By Kathy Coatney
An Arkansas professor has been experimenting with a farm-sized biodiesel plant that can use animal fat, waste oil or oilseeds.
Kevin Humphrey's system is not elaborate and he says it has a reasonably short pay-off.
The Arkansas State University researcher Humphrey sees real potential for ranchers with oil seed crops, waste oil or tallow to produce their own biodiesel. They could do it individually or as a group, pooling their resources to create a small biodiesel system, he says.
"If all you want to do is extract oil and meal, you can do that. If you want to extract and produce meal and then also produce biodiesel, you can do that," he says.
Humphrey is using waste oil and oil seed crops -- soybeans, canola, and camelina -- to make biodiesel. He adds he hasn't used animal fats but that is a viable option.
The equipment Humphrey is using produces about 32,000 gallons of biodiesel per year.
Biopro processors from Springboard Biodiesel in Chico, California, makes Humphrey's biodiesel. The Biopro processors come in three different sizes, 40-, 50- and 100-gallon processors. They range in price from $7,350 to $19,995.
Humphrey estimates about a $100,000 equipment investment for oil removal from the seed, including a mill to process the meal and the biodiesel processor. The payback can be relatively short, he says.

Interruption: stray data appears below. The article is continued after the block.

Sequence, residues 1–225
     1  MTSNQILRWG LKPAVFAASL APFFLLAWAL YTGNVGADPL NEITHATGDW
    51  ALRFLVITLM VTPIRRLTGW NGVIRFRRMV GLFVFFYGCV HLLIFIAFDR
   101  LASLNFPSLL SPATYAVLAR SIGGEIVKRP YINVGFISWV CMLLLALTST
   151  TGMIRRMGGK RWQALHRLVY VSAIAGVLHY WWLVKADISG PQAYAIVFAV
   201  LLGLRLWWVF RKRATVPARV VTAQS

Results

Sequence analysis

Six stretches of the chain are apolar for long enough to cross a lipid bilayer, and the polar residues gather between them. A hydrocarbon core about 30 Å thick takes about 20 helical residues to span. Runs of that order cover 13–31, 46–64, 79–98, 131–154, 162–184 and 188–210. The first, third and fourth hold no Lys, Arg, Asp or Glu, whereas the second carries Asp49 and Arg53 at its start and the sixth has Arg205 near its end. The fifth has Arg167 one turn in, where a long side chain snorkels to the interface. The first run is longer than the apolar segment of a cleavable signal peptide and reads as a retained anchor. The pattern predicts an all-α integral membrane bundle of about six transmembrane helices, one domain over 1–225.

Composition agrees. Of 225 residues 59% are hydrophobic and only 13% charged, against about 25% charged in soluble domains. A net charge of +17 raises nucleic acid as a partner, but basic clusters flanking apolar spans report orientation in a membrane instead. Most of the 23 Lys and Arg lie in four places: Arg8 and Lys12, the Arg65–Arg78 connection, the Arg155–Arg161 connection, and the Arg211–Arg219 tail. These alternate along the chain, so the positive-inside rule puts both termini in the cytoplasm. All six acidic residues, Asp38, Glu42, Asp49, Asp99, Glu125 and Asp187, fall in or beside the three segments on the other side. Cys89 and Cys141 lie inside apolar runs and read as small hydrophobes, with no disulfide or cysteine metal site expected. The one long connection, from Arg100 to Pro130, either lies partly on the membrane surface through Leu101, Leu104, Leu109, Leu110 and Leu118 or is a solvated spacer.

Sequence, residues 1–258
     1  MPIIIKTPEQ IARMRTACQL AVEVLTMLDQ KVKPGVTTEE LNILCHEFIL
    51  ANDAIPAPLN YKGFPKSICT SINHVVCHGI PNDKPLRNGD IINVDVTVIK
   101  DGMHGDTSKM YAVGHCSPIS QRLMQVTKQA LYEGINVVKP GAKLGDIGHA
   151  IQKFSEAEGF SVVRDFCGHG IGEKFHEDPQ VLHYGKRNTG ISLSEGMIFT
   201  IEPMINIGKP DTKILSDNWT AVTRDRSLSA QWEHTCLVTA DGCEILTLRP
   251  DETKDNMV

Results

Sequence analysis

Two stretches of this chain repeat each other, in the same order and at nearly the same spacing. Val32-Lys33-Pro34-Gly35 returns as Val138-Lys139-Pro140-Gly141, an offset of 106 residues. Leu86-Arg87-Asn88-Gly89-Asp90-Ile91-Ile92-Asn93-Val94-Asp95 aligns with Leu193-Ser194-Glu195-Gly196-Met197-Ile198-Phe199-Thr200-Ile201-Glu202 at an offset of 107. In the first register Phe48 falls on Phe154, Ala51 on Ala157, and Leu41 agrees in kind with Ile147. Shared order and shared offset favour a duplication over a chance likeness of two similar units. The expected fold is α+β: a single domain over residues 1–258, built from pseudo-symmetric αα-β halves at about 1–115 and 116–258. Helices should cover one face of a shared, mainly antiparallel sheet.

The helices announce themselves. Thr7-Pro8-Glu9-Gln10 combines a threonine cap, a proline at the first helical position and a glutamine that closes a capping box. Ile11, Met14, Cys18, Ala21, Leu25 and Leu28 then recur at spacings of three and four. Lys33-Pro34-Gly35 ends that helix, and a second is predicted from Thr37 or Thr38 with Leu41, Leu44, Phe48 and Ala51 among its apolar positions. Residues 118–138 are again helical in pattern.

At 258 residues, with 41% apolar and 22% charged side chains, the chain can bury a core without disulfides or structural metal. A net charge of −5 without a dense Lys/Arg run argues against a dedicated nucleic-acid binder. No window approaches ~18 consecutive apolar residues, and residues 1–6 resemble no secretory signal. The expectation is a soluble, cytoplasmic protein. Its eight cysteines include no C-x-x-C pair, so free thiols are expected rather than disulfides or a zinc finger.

Matt Roberts, vice president of marketing for Springboard Biodiesel, says if the oil is collected free, as might be beef tallow from rendering, the biodiesel will cost about 95 cents per gallon to make. That price includes the cost of the chemicals to make the biodiesel -- methanol, lye, and sulfuric acid.
The resulting biodiesel can be used in any diesel engine without needing to convert the engine.
Humphrey has worked a lot with soybeans because they are available. He says he will soon begin working with cottonseed.
Crushing the seed to produce the oil creates a lot of meal that Humphrey grinds up for soybean meal. He's produced about eight tons of soybean meal within the last semester and a half, he says.
The meal is fed to the livestock on the campus farm, which provides dual usage from the seed crop.